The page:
The national meeting provided the opportunity for all researchers to not only present original findings from the project but also communicate and interact with delegates and audiences representing various food companies, consumer groups, and other universities.
As a part of outreach and promotion of the research, the PD visited a university in France (AgroSup Dijon) several universities in China where he presented seminars and talks to students and faculty on subjects related to this project (peptides and proteins).
Two experiments were completed. In experiment 1, oil-in-water emulsions were prepared with 10% soybean oil, 10 mg/mL Tween 20, and 2% SP, SPH, or their hydroxyl radical-oxidized forms (oxi-SP, oxi-SPH) in a pH 7.4 phosphate buffer. Emulsion stability, particle size, and oxidative stability (TBARS) were monitored during storage at 37C up to 14 days. Morphology of emulsion droplets was observed with confocal laser scanning, transmission electron, and phase contrast light microscopy. Absorbed proteins/peptides and those remaining in the continuous phase were separated by centrifugation, quantified, and analyzed with electrophoresis and reverse phase-HPLC.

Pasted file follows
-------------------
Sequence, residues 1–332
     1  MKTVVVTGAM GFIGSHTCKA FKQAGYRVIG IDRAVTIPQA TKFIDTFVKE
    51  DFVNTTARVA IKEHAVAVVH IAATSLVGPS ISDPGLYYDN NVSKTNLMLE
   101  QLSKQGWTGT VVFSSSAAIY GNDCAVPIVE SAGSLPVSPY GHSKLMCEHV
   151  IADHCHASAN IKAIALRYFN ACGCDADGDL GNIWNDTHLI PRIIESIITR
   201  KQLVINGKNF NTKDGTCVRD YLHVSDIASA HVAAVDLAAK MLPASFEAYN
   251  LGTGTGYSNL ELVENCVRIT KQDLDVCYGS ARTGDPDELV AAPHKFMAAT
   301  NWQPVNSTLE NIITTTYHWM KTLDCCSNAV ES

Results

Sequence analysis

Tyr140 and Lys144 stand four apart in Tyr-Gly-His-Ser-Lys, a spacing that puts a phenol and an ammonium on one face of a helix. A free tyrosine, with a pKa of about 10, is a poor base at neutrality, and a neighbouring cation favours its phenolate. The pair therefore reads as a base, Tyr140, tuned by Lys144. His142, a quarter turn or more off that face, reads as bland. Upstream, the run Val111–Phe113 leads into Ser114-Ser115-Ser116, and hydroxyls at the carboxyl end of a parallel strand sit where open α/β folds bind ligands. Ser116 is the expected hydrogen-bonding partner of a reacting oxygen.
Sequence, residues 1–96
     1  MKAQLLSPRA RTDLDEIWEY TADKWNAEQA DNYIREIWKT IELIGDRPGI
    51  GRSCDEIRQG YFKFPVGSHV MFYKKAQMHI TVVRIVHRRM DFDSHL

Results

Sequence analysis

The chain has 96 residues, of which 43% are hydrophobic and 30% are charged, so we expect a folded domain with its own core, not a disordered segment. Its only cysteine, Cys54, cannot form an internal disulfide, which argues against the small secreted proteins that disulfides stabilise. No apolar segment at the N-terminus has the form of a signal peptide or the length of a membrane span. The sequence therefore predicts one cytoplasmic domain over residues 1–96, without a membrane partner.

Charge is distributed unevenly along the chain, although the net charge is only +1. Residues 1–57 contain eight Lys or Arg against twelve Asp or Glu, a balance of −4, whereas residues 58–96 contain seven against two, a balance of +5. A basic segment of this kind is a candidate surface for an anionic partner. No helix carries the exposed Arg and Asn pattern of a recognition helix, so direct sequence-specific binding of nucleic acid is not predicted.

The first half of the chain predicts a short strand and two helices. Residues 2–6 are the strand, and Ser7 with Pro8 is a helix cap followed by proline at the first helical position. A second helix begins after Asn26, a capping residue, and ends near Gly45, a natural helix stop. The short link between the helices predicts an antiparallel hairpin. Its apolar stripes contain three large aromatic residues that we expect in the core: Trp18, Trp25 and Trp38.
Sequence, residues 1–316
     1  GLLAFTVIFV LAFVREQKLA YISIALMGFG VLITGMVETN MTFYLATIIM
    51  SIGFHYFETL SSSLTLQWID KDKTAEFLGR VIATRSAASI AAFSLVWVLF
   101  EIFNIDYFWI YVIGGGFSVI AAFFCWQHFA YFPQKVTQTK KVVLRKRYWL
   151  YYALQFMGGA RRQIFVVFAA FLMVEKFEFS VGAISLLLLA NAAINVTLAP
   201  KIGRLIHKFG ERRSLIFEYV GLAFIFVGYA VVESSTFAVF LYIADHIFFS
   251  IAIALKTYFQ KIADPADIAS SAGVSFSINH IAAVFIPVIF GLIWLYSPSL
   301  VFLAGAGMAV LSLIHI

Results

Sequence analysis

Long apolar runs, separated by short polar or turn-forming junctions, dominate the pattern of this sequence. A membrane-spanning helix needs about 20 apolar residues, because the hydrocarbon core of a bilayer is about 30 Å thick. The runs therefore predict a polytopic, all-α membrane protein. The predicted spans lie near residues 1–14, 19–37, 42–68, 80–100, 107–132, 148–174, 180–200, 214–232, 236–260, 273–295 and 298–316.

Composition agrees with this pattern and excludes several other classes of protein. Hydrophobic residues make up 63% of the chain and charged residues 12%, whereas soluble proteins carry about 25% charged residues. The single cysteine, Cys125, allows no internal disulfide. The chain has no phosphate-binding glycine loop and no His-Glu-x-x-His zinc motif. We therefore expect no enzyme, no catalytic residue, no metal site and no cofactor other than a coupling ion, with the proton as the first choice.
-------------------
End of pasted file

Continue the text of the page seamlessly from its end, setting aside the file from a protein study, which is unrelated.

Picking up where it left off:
Results showed that emulsion stability gradually decreased during storage (P<0.05) due to flocculation not coalescence as the emulsion droplet size (330 nm) never changed. Oxi-SP and oxi-SPH, and more significantly, SP and SPH, exhibited strong protection against lipid oxidation compared to the emulsions stabilized with Tween 20 alone (P<0.05). Intact proteins adsorbed more effectively at the interface than hydrolyzed peptides while nonoxidized proteins/peptides were more abundant at the membrane compared to their oxidized counterparts. Oxi-SPH had a low peptide adsorption selectivity while SPH showed a preferred adsorption of nonpolar peptides at the interface.